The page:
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PE goal-posts move

The drive to give pupils at least two hours of physical education every week now appears to have veered off track, as it emerged that local authorities are being encouraged by their own leaders to ditch the target

The drive to give pupils at least two hours of physical education every week now appears to have veered off track, as it emerged that local authorities are being encouraged by their own leaders to ditch the target

The drive to give pupils at least two hours of physical education every week now appears to have veered off track, as it emerged that local authorities are being encouraged by their own leaders to ditch the target.

A letter from Rory Mair, chief executive of the Convention of Scottish Local Authorities, which has been passed to The TESS, states: "We do not see the benefit of measuring specific targets when the actual thing we should be measuring is whether children are getting fitter and healthier."

Mr Mair concludes, in effect, that the PE "input" target should be replaced by one of the 15 "national indicators of success", agreed as part of the concordat deal between central and local government. This aims to reduce "the increase in the number of young people with an unhealthy body mass index". It would involve a move away from input targets, "measuring what is important rather than what is just easy to measure", Mr Mair states.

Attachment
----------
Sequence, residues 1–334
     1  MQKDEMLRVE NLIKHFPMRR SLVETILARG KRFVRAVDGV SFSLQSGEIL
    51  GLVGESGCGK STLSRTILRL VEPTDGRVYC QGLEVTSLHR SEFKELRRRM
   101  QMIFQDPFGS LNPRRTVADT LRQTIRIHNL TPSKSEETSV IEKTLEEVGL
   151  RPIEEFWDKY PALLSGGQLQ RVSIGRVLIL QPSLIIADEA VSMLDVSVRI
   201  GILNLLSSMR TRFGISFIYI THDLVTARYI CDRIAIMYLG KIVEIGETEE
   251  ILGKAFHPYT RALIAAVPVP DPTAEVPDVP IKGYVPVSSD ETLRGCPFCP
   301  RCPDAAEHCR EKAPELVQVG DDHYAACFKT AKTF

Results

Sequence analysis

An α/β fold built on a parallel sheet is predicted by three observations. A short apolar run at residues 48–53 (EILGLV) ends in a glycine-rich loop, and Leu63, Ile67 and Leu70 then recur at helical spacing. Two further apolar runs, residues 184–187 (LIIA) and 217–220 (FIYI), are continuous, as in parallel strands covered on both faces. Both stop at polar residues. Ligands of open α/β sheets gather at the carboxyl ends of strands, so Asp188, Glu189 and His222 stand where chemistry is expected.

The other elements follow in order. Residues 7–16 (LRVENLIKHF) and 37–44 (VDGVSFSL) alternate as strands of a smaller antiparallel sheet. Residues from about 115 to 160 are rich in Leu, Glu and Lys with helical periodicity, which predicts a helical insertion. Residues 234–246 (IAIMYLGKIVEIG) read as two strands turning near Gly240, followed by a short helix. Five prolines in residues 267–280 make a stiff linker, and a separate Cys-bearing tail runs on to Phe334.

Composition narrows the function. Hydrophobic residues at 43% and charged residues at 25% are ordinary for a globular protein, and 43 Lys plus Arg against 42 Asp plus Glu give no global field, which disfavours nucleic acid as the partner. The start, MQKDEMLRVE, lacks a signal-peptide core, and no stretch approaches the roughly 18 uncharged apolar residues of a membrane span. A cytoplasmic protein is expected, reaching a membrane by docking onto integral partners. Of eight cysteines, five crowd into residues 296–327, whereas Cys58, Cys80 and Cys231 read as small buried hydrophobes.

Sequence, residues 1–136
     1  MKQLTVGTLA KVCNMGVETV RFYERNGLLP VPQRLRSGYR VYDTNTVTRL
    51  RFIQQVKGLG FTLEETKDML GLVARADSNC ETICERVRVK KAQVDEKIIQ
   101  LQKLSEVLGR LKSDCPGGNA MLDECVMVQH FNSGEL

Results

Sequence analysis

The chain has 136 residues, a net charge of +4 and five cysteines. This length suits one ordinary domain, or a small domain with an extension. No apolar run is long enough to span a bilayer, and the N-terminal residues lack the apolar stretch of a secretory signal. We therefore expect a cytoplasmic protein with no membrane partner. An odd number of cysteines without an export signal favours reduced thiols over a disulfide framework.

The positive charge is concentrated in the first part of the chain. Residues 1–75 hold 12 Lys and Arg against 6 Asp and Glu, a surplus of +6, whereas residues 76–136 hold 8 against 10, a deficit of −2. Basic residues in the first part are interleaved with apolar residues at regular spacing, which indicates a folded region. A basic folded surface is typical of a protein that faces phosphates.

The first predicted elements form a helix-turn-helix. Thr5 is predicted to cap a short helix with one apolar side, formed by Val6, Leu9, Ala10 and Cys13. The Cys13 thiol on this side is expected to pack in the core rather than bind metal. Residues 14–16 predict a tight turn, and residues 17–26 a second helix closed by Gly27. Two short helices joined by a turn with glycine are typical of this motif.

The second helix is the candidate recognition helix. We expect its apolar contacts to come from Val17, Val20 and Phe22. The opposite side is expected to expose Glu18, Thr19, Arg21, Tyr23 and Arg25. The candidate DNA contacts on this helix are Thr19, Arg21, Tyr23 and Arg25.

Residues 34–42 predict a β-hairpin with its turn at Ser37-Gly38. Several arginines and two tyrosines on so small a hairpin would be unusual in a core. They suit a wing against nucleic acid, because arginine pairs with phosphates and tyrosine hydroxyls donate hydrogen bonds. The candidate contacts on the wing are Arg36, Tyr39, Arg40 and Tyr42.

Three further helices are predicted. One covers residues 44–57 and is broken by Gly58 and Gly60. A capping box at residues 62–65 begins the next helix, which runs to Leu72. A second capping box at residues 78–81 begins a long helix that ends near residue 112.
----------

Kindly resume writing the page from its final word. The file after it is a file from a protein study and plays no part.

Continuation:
It also seems clear that education chiefs have been given the nod to interpret the PE target very broadly. In one of a series of letters sent to Labour MSPs by senior council officials, also seen by The TESS, Ian Fraser, director of education in Inverclyde, wrote: "My understanding is that it is now two hours of quality PE over the child or young person's day and not specifically within teaching time.

"My further understanding is that this need not be delivered by qualified PE teachers but could, for example, be delivered by community coaches or active schools personnel".

Another letter, from Gordon McKinlay, acting education manager in Renfrewshire, noted that "the definition of PE is open to dispute", and he referred to "quality physical activity" as opposed to physical education.

Dumfries and Galloway says it will encourage "outdoor activities and supplement (gym) hall times with PE activities in the classroom".

The policy first began to unravel when Maureen Watt, the Schools Minister, went on radio last month and suggested that "good physical exercise" during the school day, not just in allocated teaching time, would meet the commitment and that this could include "walking to school".

Ms Watt also ditched the pledge to use specialist teachers. Fife revealed that it has 15 specialist PE teachers to serve 143 primary schools; if it was to meet the PE target in full, it would require around 110.

In a little-noticed parliamentary answer last October, Ms Watt gave an undertaking that local authorities were "working towards a target of two hours of good quality physical education for each child every week by the end of the school year 2007-08". With just one week of the school session left, it now seems clear that certainty was misplaced.

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